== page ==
- Common humanity (recognizing that every human has difficult moments), and
- Mindfulness (observing your thoughts and feelings without judgment).
Start by realizing that you deserve your own kindness and compassion. You are allowed to treat yourself with the same understanding and care that you would extend to a friend or loved one.
Your self-compassionate mindset can serve as a powerful antidote to negative self-talk. It helps you to be more accepting of your negative emotions, reducing your anxiety and depression.
It can help you build a more positive self-image and bounce back faster and stronger from setbacks and challenges.
So, make it a routine to treat yourself gently and kindly, as you would your best friend.
5. Reach out to supportive people
You don’t have to go through your recovery process all by yourself.
Don’t hesitate to reach out to friends, family, or even support groups.
Social connections are a major source of inspiration, helping us make positive changes, correct our course, and get out of emotional distress. They are your hammock as well as your sounding board.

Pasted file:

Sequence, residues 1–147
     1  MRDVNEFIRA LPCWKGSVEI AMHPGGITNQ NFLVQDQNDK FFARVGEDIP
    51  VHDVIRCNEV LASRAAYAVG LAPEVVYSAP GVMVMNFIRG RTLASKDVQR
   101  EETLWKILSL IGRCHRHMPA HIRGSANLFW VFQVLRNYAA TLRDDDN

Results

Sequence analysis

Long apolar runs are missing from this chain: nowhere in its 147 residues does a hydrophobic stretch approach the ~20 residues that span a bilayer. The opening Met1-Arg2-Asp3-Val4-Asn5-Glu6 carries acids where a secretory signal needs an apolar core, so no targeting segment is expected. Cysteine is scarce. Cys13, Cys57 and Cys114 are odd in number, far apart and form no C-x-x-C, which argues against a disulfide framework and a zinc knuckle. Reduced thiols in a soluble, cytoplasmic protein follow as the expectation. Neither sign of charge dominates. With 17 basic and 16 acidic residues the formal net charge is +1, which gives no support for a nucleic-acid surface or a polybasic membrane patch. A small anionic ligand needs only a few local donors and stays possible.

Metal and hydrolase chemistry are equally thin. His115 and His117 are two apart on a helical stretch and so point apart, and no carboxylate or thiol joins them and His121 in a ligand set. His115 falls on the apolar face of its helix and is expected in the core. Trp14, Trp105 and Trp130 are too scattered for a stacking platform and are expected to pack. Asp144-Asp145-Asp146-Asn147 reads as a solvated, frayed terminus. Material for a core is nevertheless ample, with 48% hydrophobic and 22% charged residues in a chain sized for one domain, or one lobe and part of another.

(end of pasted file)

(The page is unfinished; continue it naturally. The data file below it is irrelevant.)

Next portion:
Talking about your experiences with people who are supportive can help you form a strong network of understanding and support.
It’s not just about sharing your own story, but also about listening to others. Other people’s experiences and viewpoints can give you new insights and learnings.
Seek help from supportive friends, family, or support groups.
6. Focus on personal growth
Your recovery must involve growth and strength.
You want to recover into someone better than your old self.
You need dedicated time and committed effort to foster personal growth. Set aside a few hours every day, and a longer time on weekends.